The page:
Growing pecan nuts: cultivars, soil prep & planting

Here are a number of well-known cultivars, advice on how to prepare the soil, and other aspects to consider when growing pecan nuts.

Growing pecan nuts: cultivars, soil prep & planting
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The pecan nut tree grows and produces best in fertile, well-drained and deep soil with a loose to medium texture.

Scab is a fungal disease that can spread rapidly in areas with high summer rainfall and humidity. The cultivars Moore (Bester), Barton, Ukulinga, and Shoshoni are resistant to scab.

Soil preparation
Examine the soil in terms of depth, drainage and compaction layers. The soil should be at least 2m deep, with good drainage and minimum compaction. Check its suitability by digging test pits in the land and examining the soil profile at each level.

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Take a representative sample of the soil for analysis at least 12 months before planting. This allows time to prepare the soil, particularly if it must be well limed.

If this is the case, distribute two-thirds of the recommended amount of agricultural lime over the entire area 12 months before planting.

Incorporate the lime into the topsoil by disking and then ploughing it in as deeply as possible.

As calcium (lime) moves very slowly in the soil, work it into the future root zone of the trees.

Plant a cover crop and plough it in after six months to boost the soil’s organic matter content.

At the same time, apply the remaining lime and all the required phosphate, and work it into the soil. Plant the trees three months later.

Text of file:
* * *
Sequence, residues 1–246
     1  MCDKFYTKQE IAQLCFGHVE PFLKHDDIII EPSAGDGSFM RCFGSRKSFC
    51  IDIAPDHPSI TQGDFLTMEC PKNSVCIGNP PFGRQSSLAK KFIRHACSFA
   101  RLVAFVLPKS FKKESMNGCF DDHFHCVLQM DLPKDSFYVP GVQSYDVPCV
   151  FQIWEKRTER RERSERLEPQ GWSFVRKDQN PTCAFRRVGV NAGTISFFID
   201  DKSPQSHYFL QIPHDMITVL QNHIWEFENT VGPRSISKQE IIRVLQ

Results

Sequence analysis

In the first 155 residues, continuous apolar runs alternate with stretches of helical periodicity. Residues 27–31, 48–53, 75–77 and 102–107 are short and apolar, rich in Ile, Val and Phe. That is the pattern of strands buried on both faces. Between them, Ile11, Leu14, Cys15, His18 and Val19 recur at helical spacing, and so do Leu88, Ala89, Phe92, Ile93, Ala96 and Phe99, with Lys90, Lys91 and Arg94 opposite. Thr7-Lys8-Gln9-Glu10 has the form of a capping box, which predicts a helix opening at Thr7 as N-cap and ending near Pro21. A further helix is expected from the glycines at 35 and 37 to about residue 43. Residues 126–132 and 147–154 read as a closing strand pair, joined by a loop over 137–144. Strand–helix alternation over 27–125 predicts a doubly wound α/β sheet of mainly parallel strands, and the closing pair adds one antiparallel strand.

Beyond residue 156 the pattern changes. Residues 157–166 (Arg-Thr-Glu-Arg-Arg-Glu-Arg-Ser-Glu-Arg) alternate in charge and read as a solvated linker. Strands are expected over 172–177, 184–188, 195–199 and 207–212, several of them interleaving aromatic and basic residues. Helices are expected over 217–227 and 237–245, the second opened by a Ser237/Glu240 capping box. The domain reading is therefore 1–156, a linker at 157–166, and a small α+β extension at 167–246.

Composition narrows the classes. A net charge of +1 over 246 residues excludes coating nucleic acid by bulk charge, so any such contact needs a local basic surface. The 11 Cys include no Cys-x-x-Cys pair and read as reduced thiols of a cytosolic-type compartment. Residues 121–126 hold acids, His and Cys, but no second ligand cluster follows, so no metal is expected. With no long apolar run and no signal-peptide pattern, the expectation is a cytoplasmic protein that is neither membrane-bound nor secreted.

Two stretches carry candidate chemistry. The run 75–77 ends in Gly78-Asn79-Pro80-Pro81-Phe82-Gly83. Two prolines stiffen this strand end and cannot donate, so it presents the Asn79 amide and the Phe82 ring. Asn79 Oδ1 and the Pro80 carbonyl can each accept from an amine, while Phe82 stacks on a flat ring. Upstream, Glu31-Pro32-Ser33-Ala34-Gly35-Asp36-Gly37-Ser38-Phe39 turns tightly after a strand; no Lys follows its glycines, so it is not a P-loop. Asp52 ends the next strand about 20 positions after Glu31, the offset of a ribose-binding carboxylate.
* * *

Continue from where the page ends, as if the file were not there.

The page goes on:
If soil samples were not taken early enough to treat the soil as described above, mix two-thirds of the lime with the soil by ploughing it in deeply. Then lightly distribute the rest of the lime with the phosphate and work it in lightly.

If the soil requires a large quantity of lime, apply this at least three months before planting, thoroughly mix it with the soil and work it in deeply.

The pecan nut tree is deciduous and can be transplanted only in winter. When establishing an orchard, do so in July and August. The tree has a long, strong tap root system.

Trim each tap root to a length of 1m with a sharp spade. Then carefully remove the young trees from the soil in the nursery bags and put them in a shed or shady place.

Cover the roots with wet sawdust or other suitable damp material to keep them moist. Inspect the young trees carefully and discard those with bent roots.

Holes and planting depth
When transplanting the young trees into the orchard, ensure that the holes are deeper than 1m, or at least 200mm deeper than the length of the tap root.

Plant each tree at exactly the same depth as it was in the nursery bag. Planting it too shallow will expose the root collar to the sun, causing sunburn and eventually die-back or stunted growth.

Replace some of the loose soil to bury the cut tip of the tap root and encourage it to grow downwards during the first season of establishment. Add well-rotted compost to the hole.Apply 500g zinc (Zn) fertiliser (22% Zn) mixed well with the topsoil to each planting hole.

Do not apply additional fertiliser at planting.

Source: ‘Cultivating pecan nuts’, compiled by Directorate Communication, department of agriculture, in co-operation with the ARC-Institute for Tropical and Subtropical Crops.